No Power to Be Disloyal (or, How Not to Write a Loyalty Opinion)
6 Journal of Business, Entrepreneurship & the Law 247 (2013)
34 Pages Posted: 11 Oct 2014
Date Written: April 26, 2013
Sometimes, courts find that a manager or director of a business entity was disloyal. The fiduciary duty of loyalty is a lofty standard. Under such a standard, exonerating a defendant may be difficult, even when it is the right thing to do. But a defendant who is not pure as the driven snow may sometimes not deserve liability. A judge with high standards may decline to approve of the defendant’s conduct but still want to reach the right result. When courts decline to find disloyalty, they give various reasons: the disloyalty was waived, the conduct was ratified by an appropriate constituency, or the conduct was fair.
But sometimes courts talk as if certain conduct is privileged, as if some right owned by the defendant trumped the duty of loyalty. Generally, it is a right given in the applicable code without a hint that it relates in any way to the duty of loyalty. I find this talk troubling. The duty of loyalty is the bedrock of investor expectations. The duty requires that defendants act in good faith, i.e., that their actions serve a purpose of the entity and are not intentionally or in conscious disregard of the rights of investors. Methods of unfair opportunism available to insiders are endless. Only an open-ended duty could catch them all.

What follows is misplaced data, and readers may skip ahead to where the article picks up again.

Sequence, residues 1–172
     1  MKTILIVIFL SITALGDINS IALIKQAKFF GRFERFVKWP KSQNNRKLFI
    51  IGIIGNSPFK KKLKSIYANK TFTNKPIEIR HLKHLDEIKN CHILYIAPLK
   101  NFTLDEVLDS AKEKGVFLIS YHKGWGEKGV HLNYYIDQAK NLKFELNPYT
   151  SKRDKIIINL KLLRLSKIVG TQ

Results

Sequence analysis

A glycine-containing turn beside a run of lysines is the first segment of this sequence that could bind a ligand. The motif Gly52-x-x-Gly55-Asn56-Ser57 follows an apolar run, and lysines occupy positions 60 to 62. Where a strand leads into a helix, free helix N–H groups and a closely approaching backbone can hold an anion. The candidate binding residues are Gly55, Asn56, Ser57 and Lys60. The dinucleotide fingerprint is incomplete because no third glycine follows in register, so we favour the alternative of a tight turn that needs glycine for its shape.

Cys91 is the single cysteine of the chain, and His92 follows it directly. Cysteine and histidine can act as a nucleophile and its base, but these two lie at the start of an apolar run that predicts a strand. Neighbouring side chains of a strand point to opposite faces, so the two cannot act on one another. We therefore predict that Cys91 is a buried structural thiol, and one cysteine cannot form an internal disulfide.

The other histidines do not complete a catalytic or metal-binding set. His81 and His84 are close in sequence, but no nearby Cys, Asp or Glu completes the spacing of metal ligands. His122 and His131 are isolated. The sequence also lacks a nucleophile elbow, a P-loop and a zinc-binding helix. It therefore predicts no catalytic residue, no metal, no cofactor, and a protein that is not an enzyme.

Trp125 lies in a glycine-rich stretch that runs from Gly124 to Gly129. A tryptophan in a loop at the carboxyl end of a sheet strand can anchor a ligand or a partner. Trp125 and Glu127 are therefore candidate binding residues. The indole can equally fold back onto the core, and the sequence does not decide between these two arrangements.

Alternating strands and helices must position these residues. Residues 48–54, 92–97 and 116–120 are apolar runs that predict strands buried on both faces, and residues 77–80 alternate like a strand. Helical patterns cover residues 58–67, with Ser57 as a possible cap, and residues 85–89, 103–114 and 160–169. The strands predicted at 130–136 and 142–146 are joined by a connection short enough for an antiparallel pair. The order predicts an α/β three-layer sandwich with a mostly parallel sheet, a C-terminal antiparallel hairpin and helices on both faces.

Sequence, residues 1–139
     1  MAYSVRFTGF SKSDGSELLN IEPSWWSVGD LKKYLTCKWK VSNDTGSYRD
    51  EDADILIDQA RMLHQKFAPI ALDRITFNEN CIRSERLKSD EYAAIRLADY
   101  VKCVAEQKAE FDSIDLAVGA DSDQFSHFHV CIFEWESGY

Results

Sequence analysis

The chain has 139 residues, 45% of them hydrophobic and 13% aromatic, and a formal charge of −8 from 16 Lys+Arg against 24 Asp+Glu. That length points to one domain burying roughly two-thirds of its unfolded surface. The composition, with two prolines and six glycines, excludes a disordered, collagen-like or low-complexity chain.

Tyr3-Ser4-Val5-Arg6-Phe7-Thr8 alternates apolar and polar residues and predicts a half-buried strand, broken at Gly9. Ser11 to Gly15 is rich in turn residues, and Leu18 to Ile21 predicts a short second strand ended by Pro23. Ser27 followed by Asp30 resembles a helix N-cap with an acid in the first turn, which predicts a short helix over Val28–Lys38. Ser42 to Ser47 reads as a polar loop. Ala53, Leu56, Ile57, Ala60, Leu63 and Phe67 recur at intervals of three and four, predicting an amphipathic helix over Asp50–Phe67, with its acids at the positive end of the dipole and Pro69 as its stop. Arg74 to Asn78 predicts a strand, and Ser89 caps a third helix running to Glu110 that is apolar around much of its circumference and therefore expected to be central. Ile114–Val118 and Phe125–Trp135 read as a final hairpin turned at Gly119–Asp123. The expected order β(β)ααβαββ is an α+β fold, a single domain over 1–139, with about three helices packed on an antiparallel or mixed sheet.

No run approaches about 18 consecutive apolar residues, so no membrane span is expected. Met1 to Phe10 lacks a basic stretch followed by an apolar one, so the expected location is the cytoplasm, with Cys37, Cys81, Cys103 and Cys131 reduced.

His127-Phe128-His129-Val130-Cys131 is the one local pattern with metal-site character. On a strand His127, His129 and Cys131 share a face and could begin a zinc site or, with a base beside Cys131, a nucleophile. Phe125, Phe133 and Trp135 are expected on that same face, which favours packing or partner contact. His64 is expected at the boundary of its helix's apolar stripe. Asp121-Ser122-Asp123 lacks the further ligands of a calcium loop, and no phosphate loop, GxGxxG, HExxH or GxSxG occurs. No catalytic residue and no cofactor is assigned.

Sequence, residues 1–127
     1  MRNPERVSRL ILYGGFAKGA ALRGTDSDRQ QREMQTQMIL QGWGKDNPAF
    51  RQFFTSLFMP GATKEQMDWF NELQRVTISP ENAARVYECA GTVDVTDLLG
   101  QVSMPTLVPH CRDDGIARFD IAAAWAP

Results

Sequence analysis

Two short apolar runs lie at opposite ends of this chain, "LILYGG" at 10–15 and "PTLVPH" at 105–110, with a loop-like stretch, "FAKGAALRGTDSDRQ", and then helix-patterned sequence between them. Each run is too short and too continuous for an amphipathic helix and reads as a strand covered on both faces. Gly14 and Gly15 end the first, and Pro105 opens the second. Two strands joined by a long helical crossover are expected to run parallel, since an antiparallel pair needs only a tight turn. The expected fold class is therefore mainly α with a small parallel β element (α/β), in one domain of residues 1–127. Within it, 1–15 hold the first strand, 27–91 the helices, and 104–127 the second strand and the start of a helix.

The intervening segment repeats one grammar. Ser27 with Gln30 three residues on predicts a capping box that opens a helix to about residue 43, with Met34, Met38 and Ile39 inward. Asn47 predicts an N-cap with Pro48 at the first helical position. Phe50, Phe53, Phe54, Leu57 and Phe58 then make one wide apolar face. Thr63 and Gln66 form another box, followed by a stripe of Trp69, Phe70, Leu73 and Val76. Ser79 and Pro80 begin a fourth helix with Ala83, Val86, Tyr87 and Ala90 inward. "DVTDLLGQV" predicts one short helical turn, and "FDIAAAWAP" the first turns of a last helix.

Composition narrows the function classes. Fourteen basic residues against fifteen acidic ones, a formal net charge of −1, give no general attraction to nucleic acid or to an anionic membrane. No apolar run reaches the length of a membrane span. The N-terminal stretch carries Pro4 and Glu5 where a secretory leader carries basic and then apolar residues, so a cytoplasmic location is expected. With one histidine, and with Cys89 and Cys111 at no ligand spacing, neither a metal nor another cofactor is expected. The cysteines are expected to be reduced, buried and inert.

So talk of privilege or right to act notwithstanding loyalty is a concern. Nearly any absolute privilege to act, given the right circumstances, can be used disloyally. Courts’ stating that a business entity actor has a privilege to do any act notwithstanding the interests of investors is an invitation to those actors to use that privilege to cheat.
It is the thesis of this paper that no privilege to act disloyally exists: that a power to act never trumps the duty of loyalty. My method is to discuss three cases in which the privilege or power to act appears to receive judicial support: Covalt v. High (N.M. App. 1983); North-West Transportation Co., Ltd. v. Beatty (UK Privy Council 1887); and Thorpe v. CERBCO, Inc. (Del. 1996). The paper shows why this strategy does not work. Such assertions have no support in logic (and usually not in law), provide a slippery slope at the bottom of which the duty of loyalty ceases to exist, often result in a decision being internally inconsistent, and fail to stand the test of time. I will do my best to unwind the harm these cases might cause. My hope is that those reading this paper will take its criticism to future cases so that this kind of argument can be defeated elsewhere in the law, and so that courts will not assert such things in the future. There is always a better, wiser course.
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